Known as Regulation Fair Disclosure or "Reg FD," the rule has been around since 2000 although there have been relatively few investigations or prosecutions involving it.The SEC is said to be reviewing it in light of Chairman Christopher Cox's efforts to bring corporate governance into the digital age.
A recent report from the Millstein Center for Corporate Governance and Performance at the Yale School of Management notes that there isn't as much communication as there could be, but there are ways to encourage a free dialogue without violating Reg FD.
The report by Stephen Davis and Stephen Aolgna states that"there is very little evidence suggesting that boards and shareholders are regularly engaging one another in sustained two-way dialogues on governance matters".
In the communication vacuum, stereotypes prevail. Executives and directors "see certain individual investors as gadflies more interested in becoming the center of attention at annual shareholders meetings rather than raising substantive topics for discussion." Some hedge fund managers are viewed as "falsely projecting an image of good stewardship in an effort to glean inside information so as to profit in the short term," the report says.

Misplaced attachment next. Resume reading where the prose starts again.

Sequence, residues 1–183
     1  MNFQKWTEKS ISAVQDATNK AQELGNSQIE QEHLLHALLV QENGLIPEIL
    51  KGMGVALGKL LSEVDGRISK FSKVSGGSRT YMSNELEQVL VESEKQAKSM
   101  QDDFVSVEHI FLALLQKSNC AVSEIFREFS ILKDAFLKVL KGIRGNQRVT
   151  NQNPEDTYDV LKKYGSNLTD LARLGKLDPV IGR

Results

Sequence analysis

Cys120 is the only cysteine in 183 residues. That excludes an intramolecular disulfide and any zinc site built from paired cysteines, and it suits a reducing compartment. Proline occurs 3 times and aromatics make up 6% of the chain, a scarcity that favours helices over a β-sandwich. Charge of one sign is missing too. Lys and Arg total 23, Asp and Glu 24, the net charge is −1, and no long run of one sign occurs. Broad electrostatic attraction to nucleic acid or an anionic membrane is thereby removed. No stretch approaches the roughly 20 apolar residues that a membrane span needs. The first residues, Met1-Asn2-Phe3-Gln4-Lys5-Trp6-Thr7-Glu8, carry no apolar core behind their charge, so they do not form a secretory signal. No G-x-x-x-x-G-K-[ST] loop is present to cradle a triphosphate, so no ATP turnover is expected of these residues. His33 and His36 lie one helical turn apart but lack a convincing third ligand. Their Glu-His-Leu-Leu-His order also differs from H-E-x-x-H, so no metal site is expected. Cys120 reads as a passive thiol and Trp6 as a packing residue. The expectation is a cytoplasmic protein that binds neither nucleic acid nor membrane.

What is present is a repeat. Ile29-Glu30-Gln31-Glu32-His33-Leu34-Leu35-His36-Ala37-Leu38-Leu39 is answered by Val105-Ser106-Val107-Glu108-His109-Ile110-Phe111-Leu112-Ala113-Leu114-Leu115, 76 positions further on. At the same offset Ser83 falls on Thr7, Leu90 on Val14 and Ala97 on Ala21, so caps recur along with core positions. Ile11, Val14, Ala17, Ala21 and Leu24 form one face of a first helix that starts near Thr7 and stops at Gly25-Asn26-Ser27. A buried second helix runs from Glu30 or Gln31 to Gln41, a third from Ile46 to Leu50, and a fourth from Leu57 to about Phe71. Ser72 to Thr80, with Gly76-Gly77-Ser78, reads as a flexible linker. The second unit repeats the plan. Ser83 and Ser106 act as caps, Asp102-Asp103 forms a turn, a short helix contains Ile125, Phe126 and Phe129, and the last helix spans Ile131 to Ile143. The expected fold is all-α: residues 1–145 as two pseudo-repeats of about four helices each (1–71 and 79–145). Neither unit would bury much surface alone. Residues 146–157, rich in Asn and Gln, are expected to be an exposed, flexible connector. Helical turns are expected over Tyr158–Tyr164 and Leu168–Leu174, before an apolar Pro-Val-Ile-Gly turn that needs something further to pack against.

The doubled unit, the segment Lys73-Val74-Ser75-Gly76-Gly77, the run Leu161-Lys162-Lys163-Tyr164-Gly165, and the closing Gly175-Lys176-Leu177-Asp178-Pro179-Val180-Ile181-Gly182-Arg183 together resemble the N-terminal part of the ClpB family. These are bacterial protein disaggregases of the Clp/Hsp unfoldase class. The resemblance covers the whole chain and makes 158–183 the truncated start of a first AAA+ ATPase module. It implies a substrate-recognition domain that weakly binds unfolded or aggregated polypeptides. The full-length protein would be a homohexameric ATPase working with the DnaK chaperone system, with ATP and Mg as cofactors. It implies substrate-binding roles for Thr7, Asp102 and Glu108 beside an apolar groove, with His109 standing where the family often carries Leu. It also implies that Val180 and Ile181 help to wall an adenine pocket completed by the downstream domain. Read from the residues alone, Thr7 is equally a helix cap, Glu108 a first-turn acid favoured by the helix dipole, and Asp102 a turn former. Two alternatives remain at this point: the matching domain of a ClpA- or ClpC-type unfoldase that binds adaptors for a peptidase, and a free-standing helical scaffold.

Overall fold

Davis and Alogna, however, believe that educating directors on what can be stated without running afoul of Reg FD can do much to facilitate communication. Doing so might incur extra costs to lawyers to brief the boards. The SEC could help by issuing guidance that states more clearly what the rules are, they say.
Some in the corporate world, especially in tech, think that Reg FD handcuffs their companies from using more modern, web-based ways of talking such as blogs. Ardent blog proponent Jonathan Schwartz, head of Sun Microsystems, says he has to talk over with his lawyer what he can and can't say on his blog. In 2006, he wrote to Cox at the SEC calling for more clarity on Reg FD.